Upgrading junky IE8 code with current goodies

23 May 2016 · by David DeSandro

Man, it feels good to cut out all the old junky code and live in the modern day. With new versions of Isotope, Packery, Masonry, and imagesLoaded, I've been upgrading browser support, dropping IE8 & 9, and Android <4. I've been able to remove hundreds of lines of code.

If you're looking to bump up your browser support, here's a run-down of all the code you can upgrade.

Use standard browser properties

Use addEventListener for event binding, rather than a helper like eventie.

// IE8
eventie.bind( element, 'click', function() {...});
// modern browsers
element.addEventListener( 'click', function() {...});

Use classList for changing classes, rather than a helper like classie.

// IE8
classie.add( element, 'is-selected' );
// modern browsers
element.classList.add('is-selected');

Use event.preventDefault().

// IE8
function onClick( event ) {
  if ( event.preventDefault ) {
    event.preventDefault();
  } else {
    event.returnValue = false;
  }
}
// modern browsers
function onClick( event ) {
  event.preventDefault()
}

Use window.pageYOffset for scroll position.

// IE8
var isPageOffset = window.pageYOffset !== undefined;
var scrollX = isPageOffset ? window.pageXOffset : document.body.scrollLeft;
var scrollY = isPageOffset ? window.pageYOffset : document.body.scrollTop;
// modern browsers
window.pageXOffset;
window.pageYOffset;

Use standard textContent for setting text.

// IE8
var docElem = document.documentElement;
var textSetter = docElem.textContent !== undefined ? 'textContent' : 'innerText';

function setText( elem, value ) {
  elem[ textSetter ] = value;
}

setText( element, 'hello world' );
// modern browsers
element.textContent = 'hello world';

CSS support

All browsers now support transition and transform. So I no longer need get-style-property to check vendor properties.

// IE8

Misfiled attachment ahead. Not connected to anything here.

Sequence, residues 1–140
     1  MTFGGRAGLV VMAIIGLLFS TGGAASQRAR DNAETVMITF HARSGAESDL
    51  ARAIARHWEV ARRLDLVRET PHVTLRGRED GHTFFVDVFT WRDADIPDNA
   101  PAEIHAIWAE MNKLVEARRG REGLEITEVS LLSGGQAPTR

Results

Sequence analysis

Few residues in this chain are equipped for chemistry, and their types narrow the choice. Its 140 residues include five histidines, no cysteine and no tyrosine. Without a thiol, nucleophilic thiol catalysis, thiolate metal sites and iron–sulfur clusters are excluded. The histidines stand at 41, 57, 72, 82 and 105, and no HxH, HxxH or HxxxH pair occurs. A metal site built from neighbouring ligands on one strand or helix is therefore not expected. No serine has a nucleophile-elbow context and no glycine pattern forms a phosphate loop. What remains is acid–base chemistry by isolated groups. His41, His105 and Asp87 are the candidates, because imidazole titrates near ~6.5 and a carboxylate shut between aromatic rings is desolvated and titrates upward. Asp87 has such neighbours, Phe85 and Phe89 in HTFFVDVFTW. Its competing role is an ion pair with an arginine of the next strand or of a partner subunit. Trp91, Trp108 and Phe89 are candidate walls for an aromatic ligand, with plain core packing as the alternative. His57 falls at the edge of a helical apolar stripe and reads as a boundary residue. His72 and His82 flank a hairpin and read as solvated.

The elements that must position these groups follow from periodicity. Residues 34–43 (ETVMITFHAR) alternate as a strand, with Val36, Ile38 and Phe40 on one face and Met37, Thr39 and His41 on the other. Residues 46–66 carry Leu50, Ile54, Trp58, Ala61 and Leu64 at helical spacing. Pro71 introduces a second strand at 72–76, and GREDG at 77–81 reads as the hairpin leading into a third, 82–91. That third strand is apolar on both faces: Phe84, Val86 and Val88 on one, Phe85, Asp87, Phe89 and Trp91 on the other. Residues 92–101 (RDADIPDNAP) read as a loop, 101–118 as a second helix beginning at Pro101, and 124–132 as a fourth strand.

// get vendor property for transform
var transformProp = getStyleProperty('transform');
// set position
if ( transformProp ) {
  // supports transform, set transform
  element.style[ transformProp ] = 'translate(40px, 30px)';
} else {
  // does not support transform, set left, top
  element.style.left = '40px';
  element.style.top = '30px';
}

Modern browsers support transform or -webkit-transform, so you don't have to check every vendor prefix.

// modern browsers
// get vendor property for transform
var docElemStyle = document.documentElement.style;
// either transform or WebkitTransform
var transformProp = typeof docElemStyle.transform == 'string' ?
  'transform' : 'WebkitTransform';
// supports transform, set transform
element.style[ transformProp ] = 'translate(40px, 30px)';

New ES5 features

Dropping IE8 and Android 2.3 means you can natively use ES5 features. There are a bunch of new ES5 features, but here are the ones I have actually used.

Array.isArray to check if an object is an array.

// ES4
var objToString = Object.prototype.toString;
function isArray( obj ) {
  return objToString.call( obj ) == '[object Array]';
};

isArray( items );
// ES5
Array.isArray( items );

Array.prototype.indexOf to get the index of a value.

// ES4
function indexOf( ary, value ) {
  for ( var i=0; i < ary.length; i++ ) {
    if ( ary[i] === value ) {
      return i;
    }
  }
  return -1;
}

indexOf( items, value );
// ES5
items.indexOf( value );

Array.prototype.forEach to iterate over an array.

// ES4
for ( var i=0; i < items.length; i++ ) {
  var item = items[i];
  console.log( item );
}
// ES5
items.forEach( function( item ) {
  console.log( item );
});

Array.prototype.filter to create a new array by filtering values.

var numbers = [ 1, 2, 3, 4, 5, 6 ];

// ES4
var evens = [];
for ( var i=0; i < numbers.length; i++ ) {
  var number = numbers[i];
  if ( number % 2 === 0 ) {
    evens.push( number )
  }
}
// ES5
var evens = numbers.filter( function( number ){
  return number % 2 === 0;
});

Array.prototype.map to create a new array by changing values.

// ES4
var doubles = [];
for ( var i=0; i < numbers.length; i++ ) {
  var number = numbers[i];
  doubles.push( number * 2 );
}
// ES5
var doubles = numbers.map( function( number ) {
  return number * 2;
});

Object.create for prototypal inheritance.

function Animal() {
  console.log('I am an animal!')
}

// ES4
Dog.prototype = new Animal();
// constructor function is triggered
// logs 'I am an animal!'
// also, weird syntax
// ES5
Dog.prototype = Object.create( Animal.prototype )
// constructor function not triggered, no console log

And there's more to play with. I've experimented with custom Object getters and setters. These are powerful concepts, but may take some getting used to.


You may have looked twice. ES Five? Isn't ES6 the new hotness?

Metafizzy's libraries are designed to have a wide, diverse user-base. While forward-leaning developers may be itching to use ES6, they still have to step through scaffolding if they want to use it widespread in production. All the above code can be used right now in every browser worth using. No build processes. No transpilers. Straight up vanilla.

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